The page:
Like Superman’s Clark Kent and Spiderman’s Peter Parker, 29-year-old Lyndsey Scott has an alter ego. By day, she’s a high fashion model, walking the runway for the likes of Gucci, Prada, Calvin Klein, and Victoria’s Secret. By night, she dons square-framed Burberry glasses and transforms into probably the world’s most beautiful computer programmer.
At least, she used to don glasses. “They’re really broken right now…I fell asleep in them one too many times,” Scott says. “I had been putting tape in the middle, but that hasn’t been working so well.”
While Skyping with Scott, I found it hard to imagine her hunched over a computer screen filled with code lines, rocking Urkel-style glasses with tape down the middle. But that’s what makes her so intriguing: she confounds the stereotypes of both models and programmers.
She graduated from Amherst in 2006 with a dual-degree in computer science and theater. “I got better grades in computer science than theater,” Scott says. “I picked it up so quickly.”
During her early days modeling, her parents would not-so-subtly nudge her back to her comp-sci roots. “For the first two years after college, my parents would slip fliers under my door for various jobs that maybe they had heard about in computer science,” Scott says.
But she resisted the pressure, and in early 2009 she got her big break with Calvin Klein. She was the first ever African American to get an exclusive contract with the company for New York Fashion Week.
After that, Scott’s modeling career blew up. She walked for Prada, Gucci, Louis Vuitton, Vera Wang, and Fendi in Fashion Weeks all over the world. The cherry on top was being picked to walk in the famous Victoria’s Secret show.
She’s the eldest of four children, and her youngest brother Matthew Scott says she’s the pioneer of the family. “If I had to liken her to someone, I’d say she’s like Gisele Bundchen mixed in with Bill Gates,” Matthew Scott says. “I can’t imagine those two combined but if they did it would probably be Lyndsey.”
All throughout her modeling career, Scott has continued to program on the side. Few in the industry know that Scott taught herself Python, Objective C, and iOS, and built 7 or 8 apps, two of which have made it into the Apple store. She says she’s the only coder-model she’s ever met, and does not make a habit of telling people about her side hobby.
Her first publicly released app, coded in iOS, benefited a charity called Educate! which sponsors young Ugandan scholars. Her second public iOS app, called iPort, offered a digital way for models to carry around their portfolios.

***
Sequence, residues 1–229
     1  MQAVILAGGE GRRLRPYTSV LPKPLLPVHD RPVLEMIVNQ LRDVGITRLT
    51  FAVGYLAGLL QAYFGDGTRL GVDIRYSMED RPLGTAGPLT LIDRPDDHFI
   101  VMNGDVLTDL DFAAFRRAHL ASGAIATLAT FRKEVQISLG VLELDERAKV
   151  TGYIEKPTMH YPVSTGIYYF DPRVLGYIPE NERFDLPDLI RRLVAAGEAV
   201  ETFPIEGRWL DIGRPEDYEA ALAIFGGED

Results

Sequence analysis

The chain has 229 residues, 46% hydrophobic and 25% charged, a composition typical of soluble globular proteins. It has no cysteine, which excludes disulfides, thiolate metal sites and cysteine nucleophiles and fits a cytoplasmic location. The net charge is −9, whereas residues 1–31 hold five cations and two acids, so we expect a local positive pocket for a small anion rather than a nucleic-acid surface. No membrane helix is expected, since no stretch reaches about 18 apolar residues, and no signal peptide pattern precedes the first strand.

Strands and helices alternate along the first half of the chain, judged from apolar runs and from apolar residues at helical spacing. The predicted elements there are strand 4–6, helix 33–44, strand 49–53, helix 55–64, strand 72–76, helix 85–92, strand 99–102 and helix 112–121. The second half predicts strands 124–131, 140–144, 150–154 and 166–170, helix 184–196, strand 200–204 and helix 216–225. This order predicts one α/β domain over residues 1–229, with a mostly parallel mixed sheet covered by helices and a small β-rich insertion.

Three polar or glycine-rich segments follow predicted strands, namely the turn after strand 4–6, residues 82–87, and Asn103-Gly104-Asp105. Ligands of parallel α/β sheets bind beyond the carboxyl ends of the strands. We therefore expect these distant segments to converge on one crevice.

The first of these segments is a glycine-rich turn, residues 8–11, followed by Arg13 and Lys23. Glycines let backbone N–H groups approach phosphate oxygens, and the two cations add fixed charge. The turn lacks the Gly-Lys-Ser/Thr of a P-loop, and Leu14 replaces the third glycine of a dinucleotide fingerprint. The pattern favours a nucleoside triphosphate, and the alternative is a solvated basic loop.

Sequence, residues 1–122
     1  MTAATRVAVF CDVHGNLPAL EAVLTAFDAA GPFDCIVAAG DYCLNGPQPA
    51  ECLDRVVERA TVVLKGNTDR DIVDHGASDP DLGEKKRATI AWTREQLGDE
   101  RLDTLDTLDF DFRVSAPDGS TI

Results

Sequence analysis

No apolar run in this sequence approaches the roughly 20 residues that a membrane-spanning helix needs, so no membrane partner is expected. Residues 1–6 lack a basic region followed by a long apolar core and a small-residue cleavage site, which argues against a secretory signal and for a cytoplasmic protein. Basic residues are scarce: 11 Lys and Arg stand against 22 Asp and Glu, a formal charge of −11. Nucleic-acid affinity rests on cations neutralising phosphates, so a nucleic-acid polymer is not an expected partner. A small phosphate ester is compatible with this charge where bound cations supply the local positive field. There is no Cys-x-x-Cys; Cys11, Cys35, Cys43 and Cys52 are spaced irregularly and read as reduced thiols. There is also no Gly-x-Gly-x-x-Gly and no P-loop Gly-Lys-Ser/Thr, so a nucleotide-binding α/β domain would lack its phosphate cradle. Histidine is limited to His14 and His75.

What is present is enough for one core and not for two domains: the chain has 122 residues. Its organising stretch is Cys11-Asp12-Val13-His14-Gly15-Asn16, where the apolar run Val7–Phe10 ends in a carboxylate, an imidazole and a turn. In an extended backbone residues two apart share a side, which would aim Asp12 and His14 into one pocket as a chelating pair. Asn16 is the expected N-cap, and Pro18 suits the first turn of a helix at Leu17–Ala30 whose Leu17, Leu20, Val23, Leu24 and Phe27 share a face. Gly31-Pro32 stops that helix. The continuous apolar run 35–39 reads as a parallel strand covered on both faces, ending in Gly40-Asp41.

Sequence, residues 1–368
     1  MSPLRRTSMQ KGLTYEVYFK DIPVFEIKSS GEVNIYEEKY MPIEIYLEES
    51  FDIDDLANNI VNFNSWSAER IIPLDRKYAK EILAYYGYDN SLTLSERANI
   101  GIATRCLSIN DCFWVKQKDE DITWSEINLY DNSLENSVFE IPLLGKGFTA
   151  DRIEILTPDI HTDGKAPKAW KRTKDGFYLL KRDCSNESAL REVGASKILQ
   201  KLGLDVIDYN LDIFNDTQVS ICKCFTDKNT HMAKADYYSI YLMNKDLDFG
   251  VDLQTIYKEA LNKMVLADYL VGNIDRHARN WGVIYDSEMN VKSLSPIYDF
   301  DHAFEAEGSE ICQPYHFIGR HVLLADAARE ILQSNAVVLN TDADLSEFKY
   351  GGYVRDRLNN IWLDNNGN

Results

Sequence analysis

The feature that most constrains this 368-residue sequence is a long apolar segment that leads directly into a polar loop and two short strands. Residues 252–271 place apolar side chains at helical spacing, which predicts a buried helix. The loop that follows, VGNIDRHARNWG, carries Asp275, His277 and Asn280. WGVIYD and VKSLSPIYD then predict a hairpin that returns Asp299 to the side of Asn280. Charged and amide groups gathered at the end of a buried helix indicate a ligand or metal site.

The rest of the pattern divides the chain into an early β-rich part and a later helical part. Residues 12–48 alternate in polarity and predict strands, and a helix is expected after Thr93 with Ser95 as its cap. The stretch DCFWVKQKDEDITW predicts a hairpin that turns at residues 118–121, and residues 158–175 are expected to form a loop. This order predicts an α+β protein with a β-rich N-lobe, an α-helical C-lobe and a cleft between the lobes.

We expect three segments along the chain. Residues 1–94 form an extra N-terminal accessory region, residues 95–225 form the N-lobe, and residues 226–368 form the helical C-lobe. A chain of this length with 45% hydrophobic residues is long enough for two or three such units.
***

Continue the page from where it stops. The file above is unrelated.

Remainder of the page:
“I built that app because it was something I personally needed,” Scott says. “My book always ends up looking terrible, the books fall apart, the pages are tearing, it’s dirty, and it’s a mess.” Scott has started to market the app to agencies and other models, but she has no plans to exchange her modeling career for app selling.
Lastly, she’s working on a third mystery app but wouldn’t give any details. She hinted it will help people develop romantic, friendship, and professional connections.
Over Skype, Scott explains why she’s been hesitant to talk about her compsci college degree with people in the modeling industry:
“The industry makes an effort to reduce the model and, in a way, simplify things. The way they marketed me a lot of times was as younger than I am. They wouldn’t talk about my education, they wouldn’t talk about me…In a way I understand. Youth is valued more than a college education.”
She’s active on the website Stack Overflow and frequently reads startup darling Quora. Recently she wrote her first ever response to a Quora question: What does it feel like to go from physically unattractive to physically attractive?
“I was up programming late at night and I was drunk on code,” Scott says. “It came up in my inbox and I decided to answer it.” She included pictures of herself as a nerdy child rocking purple glasses and a hair scrunchie, and then a shot of her walking in the Victoria’s Secret Fashion Show.
In the post, she says:
[I]t’s been a rather jarring experience having people see and treat me the way they suddenly do now. I was bullied and often friendless throughout puberty because people automatically judged me…The difference between then and now though is that back then, they wouldn’t give me the chance to show them that I was kinda cool, and now they readily give me a chance…and are then often disappointed that I’m kind of a nerd. ;)
Lyndsey’s articulately crafted answer got 3,576 up votes and went viral, garnering her coverage from Slate. Funny enough, Scott says she still faces bullying of a sort, although this time it’s professional. “I’ve definitely had a few [modeling] agencies tell me I need to be cooler,” Scott says. “Of course these conversations make you feel pretty bad about yourself.”
In her Quora answer, Lyndsey barely talked about her programming background, only briefly mentioning it. “It truly is my secret double life,” Scott says. “It’s not a nice way to live.”
Scott is now slowly, warily, becoming more public about her compsci degree. She has a new agent — Tony Vavroch of Elite Model Management — who supports her nerdy side, and he’s given her free reign to talk about it.
“Anything which adds dimension to a model beyond her physical beauty is a good thing,” Vavroch says. “Physical beauty gets a model’s foot in the door but her personality, combined with other gifts and abilities, makes her more interesting to advertisers and fashion and beauty clients.”
Scott agrees. “It’s about the emphasis of the person as a brand. I prefer to have an honest brand.”